With the continued uncertainty regarding the classification of VoIP service and the application of intercarrier compensation to VoIP, litigation over VoIP charges is extensive.  In the latest case to reach a decision, the FCC ruled that a CLEC serving an affiliated VoIP provider may not collect tariffed access charges for terminating calls to the VoIP customers or for 8YY calls originated by the VoIP customers.

The FCC order was issued in a formal complaint case brought by AT&T against YMax Communications Corp., whose affiliated entity provides the MagicJack VoIP device.  The Commission agreed with AT&T that it did not have to pay YMax’s access charges for the traffic in question.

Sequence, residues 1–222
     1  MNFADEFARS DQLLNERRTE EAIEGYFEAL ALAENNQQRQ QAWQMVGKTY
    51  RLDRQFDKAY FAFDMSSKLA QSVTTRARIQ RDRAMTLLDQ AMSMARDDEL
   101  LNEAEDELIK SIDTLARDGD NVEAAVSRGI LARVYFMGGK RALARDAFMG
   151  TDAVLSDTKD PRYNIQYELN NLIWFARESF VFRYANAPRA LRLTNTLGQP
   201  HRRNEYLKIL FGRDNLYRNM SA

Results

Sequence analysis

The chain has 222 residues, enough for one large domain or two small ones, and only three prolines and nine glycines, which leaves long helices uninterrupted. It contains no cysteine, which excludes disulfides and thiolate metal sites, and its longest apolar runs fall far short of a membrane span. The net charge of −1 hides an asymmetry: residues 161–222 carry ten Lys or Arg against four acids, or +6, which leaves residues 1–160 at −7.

The FCC’s decision is a narrow one, however.  It ruled only that the CLEC’s tariff language did not apply to the traffic, not that VoIP may not be subject to access charges.  The primary lesson of the case is that a VoIP provider must carefully consider the description of its services, and not necessarily use "cookie cutter" tariffs designed for traditional PSTN traffic. 


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